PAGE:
When the Libyan Parliament discussed the government’s budget earlier this year, at a special session held in the coastal town of Sart, located some 450 km east there of Tripoli, there were two particularly salient features.
According to an article appearing in Al-Quds, Muhammad Abdullah Beit Al-Mal, the Libyan Minister of Finance, said the budget will include higher government oil revenues and lower tax revenues.
In Sart, the finance minister reported that government expenditure would total LD 3.07 billion ($6.6 billion), compared to LD3.5 billion in 1999. As a result, its own development budget will drop to LD 1.7 billion.
But, at the same session, Abed Al-Qader Baghdadi, the chairman of Libya's National Infrastructure Council, expressed the Government's intention to encourage foreign investments in the country, asserting that the Five-Year Plan for 2001-2005 provided for major public and private sector investments.
In an interview published in August in Al-Ahram al-Arabi, to coincide with the first anniversary of the dropping of economic sanctions against Libya, Bashir Ali Zunaybal, the head of the Libyan Investment-Encouragement Agency, said that legislation has been passed to encourage foreign investment in the country.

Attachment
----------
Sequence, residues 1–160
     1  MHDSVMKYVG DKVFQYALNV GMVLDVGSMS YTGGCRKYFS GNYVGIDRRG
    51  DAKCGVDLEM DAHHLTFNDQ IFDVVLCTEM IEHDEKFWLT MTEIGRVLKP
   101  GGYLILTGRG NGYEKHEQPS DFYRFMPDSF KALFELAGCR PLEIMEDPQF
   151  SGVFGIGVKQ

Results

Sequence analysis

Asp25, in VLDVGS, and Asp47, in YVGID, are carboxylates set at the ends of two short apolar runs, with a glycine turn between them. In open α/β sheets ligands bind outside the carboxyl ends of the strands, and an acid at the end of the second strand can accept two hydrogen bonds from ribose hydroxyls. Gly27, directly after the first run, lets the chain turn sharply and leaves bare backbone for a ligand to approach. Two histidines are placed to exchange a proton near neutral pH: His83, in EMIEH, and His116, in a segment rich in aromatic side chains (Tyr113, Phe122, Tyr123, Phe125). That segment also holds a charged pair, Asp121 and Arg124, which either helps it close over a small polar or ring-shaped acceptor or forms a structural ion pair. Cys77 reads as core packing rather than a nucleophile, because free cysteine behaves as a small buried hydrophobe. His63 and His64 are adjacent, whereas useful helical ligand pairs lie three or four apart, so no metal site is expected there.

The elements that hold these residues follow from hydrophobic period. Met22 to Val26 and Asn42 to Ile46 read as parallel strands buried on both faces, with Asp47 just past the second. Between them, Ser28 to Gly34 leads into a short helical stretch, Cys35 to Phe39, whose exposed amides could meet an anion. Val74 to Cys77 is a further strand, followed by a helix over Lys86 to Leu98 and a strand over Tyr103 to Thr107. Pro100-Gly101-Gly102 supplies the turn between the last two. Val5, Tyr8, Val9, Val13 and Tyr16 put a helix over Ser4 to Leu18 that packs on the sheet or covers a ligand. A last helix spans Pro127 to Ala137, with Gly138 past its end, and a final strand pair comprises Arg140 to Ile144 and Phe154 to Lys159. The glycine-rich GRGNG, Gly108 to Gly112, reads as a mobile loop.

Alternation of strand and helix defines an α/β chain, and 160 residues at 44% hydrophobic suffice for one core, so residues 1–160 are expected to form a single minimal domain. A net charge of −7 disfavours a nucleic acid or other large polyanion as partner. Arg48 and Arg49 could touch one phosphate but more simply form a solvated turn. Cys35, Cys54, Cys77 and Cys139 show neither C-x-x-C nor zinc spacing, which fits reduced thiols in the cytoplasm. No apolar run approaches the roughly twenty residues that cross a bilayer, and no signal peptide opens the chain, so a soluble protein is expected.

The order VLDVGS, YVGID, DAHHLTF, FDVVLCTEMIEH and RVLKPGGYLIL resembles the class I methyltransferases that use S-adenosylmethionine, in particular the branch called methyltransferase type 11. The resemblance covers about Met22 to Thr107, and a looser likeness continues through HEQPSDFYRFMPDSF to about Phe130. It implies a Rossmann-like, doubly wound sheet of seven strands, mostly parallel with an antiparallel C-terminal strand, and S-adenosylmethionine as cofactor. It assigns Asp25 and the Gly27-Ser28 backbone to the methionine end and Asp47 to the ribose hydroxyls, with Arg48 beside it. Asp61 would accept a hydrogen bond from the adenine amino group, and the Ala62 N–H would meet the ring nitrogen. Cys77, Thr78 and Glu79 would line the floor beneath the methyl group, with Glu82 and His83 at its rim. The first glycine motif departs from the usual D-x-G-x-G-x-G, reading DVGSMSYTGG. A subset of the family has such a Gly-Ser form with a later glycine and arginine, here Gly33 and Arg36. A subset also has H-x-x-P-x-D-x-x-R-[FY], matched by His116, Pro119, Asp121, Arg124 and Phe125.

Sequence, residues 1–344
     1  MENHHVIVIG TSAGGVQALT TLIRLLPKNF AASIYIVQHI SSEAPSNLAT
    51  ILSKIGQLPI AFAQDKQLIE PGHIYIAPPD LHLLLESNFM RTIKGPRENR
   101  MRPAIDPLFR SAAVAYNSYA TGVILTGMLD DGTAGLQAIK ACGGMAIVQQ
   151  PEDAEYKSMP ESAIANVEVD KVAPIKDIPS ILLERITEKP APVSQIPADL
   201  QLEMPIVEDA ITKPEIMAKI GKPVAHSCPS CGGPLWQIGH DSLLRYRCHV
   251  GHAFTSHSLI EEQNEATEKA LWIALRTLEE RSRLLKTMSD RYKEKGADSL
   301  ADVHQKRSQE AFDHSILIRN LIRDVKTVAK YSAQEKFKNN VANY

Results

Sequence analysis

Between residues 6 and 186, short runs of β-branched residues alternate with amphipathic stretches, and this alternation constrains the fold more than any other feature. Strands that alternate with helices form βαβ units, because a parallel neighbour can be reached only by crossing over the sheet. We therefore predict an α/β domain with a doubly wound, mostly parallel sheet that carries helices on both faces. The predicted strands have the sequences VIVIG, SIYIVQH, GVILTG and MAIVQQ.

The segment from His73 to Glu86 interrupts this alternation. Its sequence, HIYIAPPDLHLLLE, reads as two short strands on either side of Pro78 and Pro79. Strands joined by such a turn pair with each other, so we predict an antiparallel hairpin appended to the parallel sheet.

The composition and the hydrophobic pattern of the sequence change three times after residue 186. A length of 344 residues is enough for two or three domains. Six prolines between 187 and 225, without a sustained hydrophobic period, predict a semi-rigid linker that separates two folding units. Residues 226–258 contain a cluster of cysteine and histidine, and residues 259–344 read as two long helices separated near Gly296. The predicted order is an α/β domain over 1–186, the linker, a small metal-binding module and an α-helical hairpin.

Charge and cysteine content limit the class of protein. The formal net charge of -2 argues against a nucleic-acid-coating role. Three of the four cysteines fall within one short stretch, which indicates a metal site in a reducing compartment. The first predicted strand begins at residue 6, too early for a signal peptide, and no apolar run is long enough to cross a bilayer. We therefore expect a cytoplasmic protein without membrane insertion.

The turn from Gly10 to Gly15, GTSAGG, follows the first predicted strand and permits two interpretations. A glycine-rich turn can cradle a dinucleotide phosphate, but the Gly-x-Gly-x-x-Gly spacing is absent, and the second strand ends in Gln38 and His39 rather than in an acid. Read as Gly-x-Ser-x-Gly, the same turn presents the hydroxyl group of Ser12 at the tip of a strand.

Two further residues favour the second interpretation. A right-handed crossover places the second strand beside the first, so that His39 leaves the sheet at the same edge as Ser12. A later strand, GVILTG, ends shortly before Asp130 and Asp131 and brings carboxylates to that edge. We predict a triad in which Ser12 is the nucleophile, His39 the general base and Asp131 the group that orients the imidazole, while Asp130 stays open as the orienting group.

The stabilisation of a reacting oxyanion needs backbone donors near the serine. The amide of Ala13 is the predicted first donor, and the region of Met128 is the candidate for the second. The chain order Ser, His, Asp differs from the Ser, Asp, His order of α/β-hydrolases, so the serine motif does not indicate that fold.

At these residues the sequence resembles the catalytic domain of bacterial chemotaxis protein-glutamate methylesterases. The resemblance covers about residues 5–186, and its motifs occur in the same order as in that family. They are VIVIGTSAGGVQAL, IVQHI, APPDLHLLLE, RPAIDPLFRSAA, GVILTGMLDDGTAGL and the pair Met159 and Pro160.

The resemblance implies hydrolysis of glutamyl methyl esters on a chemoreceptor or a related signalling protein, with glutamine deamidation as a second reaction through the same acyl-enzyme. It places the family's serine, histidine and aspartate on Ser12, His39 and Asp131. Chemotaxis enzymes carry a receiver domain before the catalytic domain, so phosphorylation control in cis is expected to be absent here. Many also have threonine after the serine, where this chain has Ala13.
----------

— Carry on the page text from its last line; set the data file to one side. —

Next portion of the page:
The primary legislative tool, Zunaybal said, is Law 5. Among its various measures exemption from customs duties on all machines and equipment imported by the foreign investor, over a five-year period, which can be renewed for another three years. It exempts profits from taxation if such revenues are reinvested.
According to Law 5, export-oriented commodities are exempt from production taxes and from stamp duties. Foreign investors are also entitled to re-export their capital and to defer losses sustained during years they enjoy tax-exempt status.
The law also permits an annual transfer of net profits to other countries, as well as the import of foreign labor if it is unavailable locally. The foreign workers are then entitled to transfer out of the country a portion of their salaries. The law also entitles foreign investors to import raw materials if local equivalents cannot be obtained.
Although he provided few details, Zunaybal intimated that Law 5 shows a certain preference to investors from Arab counties. “Though foreign investment is desirable, it has some negative aspects on the economy, especially with regard to social considerations and the preservation of national identity and heritage. Therefore we need to impose restrictions,” he told >Al-Ahram al-Arabi.
"This is not true when it comes to Arab investors, he said, who “we feel they have the same culture, history and heritage. The negative aspects of foreign investment are ruled out in the case of Arab investors.” – (Albawaba-MEBG)
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